Role-playing games have gotten longer over the years, and some may argue that they have gotten easier. Etrian Odyssey takes a step back and puts you in the shoes of an adventurer seeking fame and fortune. It's what RPGs used to be — a lot of work. It's under the never - ending - dungeon - crawler - with - no - story - but - hours - and - hours - of - gruelling - work category. These RPGs target a segment of society in which people find it fun to level for hours with no real reward except that your party grows stronger (and the fame and fortune thing).
I play RPGs for the story. If I don't find the story worthwhile, I feel like I'm wasting my time. I am not a fan of leveling for hours on end just to see my stats go up. I like a well-balanced game in which it feels like I'm nearing the end of the already ridiculously long game. Etrian Odyssey's plot revolves around this labyrinth that opened up in the forest near a small town called Etria. There is an open call for adventurers who want to win fame and fortune. As an adventurer, it's up to you to start a guild and recruit a group of people willing to go with you. This is where you name and select what kind of members you want in your party. You have the option of picking a Landsknecht, Survivalist, Protector, Dark Hunter, Medic, Alchemist and Troubadour to start . Some are meant to serve in the front lines of battle, and some should be stuffed in the back. Different situations require a different party set up, so there is a bit of strategy and planning that goes into a party that works. You can change the members of your party throughout the game, so nothing is set in stone.
This game isn't easy, and it might not be your idea of fun. Your first mission gives you a taste of what's to come. You have been sent to Yggdrasil Labyrinth to map out the first floor. As you travel through the dungeon, you move one square at a time. The lower touch screen on the DS will show the map, and the top screen is a first-person view of the long 3-D corridors. This setup makes the game feel really old, especially when the only thing you see in battle is the enemy and your hit points. Your characters only exist because you can check their profile pictures in your menu screen. FOEs or boss characters will show up on screen; otherwise, your battles are random.
To add to the game's difficulty, you don't start with very much En, the game's currency. Not only are you broke, you need to hike back to town every time someone in your party dies and every time you want to rest or save your game. This adds to the tediousness and slows down the progress you are attempting to make. There are specific points in the dungeon you can exploit, such as a chopping point, for items to sell. En is earned by completing quests and selling items you find on monsters.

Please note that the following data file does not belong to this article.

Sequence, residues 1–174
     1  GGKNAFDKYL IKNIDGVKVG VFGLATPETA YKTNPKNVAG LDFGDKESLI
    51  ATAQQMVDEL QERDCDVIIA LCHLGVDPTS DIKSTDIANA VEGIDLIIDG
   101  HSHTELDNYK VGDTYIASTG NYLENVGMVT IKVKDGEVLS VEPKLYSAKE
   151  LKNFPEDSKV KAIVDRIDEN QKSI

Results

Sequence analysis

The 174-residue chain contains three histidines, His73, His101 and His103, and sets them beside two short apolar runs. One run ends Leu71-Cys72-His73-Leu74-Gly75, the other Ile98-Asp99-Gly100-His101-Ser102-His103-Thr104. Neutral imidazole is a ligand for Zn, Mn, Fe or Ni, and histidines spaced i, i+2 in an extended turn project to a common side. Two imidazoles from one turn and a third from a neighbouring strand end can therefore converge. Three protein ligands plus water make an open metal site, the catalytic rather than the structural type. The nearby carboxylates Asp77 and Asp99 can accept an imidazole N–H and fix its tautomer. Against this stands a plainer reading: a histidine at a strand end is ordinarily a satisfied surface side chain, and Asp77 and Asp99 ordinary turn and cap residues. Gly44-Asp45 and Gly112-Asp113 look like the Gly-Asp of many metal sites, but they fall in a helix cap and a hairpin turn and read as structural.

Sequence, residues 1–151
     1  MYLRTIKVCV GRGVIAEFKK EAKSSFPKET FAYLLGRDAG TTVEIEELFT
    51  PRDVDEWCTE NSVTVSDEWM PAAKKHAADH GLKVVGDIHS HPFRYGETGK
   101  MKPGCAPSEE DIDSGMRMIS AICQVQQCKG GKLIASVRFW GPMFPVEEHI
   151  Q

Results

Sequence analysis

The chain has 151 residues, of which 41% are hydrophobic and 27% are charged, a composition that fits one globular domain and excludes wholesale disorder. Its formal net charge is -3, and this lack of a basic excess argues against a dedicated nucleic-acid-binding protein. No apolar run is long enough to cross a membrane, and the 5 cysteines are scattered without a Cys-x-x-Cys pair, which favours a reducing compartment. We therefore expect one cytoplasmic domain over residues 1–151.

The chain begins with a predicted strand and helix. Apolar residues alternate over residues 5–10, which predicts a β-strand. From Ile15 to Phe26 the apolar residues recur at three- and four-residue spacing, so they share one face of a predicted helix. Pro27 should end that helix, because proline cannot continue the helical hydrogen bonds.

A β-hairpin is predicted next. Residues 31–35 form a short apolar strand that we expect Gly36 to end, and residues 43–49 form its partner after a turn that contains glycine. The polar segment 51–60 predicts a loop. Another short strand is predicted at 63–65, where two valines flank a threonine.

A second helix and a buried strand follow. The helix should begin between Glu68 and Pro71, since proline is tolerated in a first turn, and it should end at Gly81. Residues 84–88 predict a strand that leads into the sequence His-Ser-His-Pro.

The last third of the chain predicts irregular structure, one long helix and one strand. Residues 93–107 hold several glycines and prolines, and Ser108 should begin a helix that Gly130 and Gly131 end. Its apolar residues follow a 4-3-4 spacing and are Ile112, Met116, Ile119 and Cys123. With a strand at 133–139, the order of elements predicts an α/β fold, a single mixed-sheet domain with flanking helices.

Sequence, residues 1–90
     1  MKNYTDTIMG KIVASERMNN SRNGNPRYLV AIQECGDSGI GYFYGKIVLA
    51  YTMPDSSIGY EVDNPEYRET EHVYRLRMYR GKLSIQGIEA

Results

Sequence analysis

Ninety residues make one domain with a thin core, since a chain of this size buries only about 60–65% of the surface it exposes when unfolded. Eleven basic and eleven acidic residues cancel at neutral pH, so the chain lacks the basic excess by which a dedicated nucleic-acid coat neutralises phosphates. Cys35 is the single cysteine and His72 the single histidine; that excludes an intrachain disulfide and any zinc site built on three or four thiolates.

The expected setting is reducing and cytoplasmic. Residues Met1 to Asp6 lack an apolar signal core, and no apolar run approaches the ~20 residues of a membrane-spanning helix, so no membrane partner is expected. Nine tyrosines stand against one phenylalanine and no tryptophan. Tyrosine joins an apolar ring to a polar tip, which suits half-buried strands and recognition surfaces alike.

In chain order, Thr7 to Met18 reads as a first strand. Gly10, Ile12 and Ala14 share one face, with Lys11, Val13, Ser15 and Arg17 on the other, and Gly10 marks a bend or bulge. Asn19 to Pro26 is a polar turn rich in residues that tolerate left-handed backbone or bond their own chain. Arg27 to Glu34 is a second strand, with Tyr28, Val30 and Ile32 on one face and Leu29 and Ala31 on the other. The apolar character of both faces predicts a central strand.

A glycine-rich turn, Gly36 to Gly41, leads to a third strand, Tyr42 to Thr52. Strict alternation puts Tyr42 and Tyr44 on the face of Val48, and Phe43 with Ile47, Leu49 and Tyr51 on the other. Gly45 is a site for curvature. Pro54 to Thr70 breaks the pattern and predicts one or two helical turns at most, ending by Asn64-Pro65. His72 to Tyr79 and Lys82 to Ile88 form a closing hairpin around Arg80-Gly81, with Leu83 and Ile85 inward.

There is also only room for one saved game, which makes it difficult to share this chore with others without erasing your data. Travelling to various areas is done via a menu, which makes me wonder if they just got lazy. There are good things to this game, especially if you're into customization. Your characters have skill points and will receive more as you level. You can dump these points into any stat you want and build your character the way you want them to be.
If you also enjoy exploring every nook and cranny in a game, at least this makes your effort worthwhile, since you use the touch screen to map out the area by drawing grid lines and marking such locations as events, stairs, treasure, etc. This gives you a sense that you are a true cartographer, and it helps when you return so you know where you're going. The map menus are easy to use; you just point your stylus to the pencil to draw the outlines, and there's an eraser if you made a mistake. Icons for events and such are available for you to drag onto the map to mark where they are.
Warp points and warp items come in handy to return to town when you need to. There is a lot of backtracking, though, and a lot of repetitive chores of collecting items for people when you take on various quests.
There is very little animation in the game — maybe a swirl here and a flare there when you cast a spell, but otherwise, there is not much to see. This game wouldn't be considered basic, but the presentation certainly is whereas the gameplay is not. There is nothing exciting about the music, either, but it fits the content of the game.
I find it difficult to recommend this game to anyone unless they are part of this niche demographic that happens to enjoy this type of game. It's tough, it's tedious, it's long, and there is not much to see. It's for the player that has a lot of time on their hands, rather than the player who wants to get to the end as quickly as possible. I can see how this game would be very satisfying for the former, but since I fall under the category of the latter, I just couldn't get into it.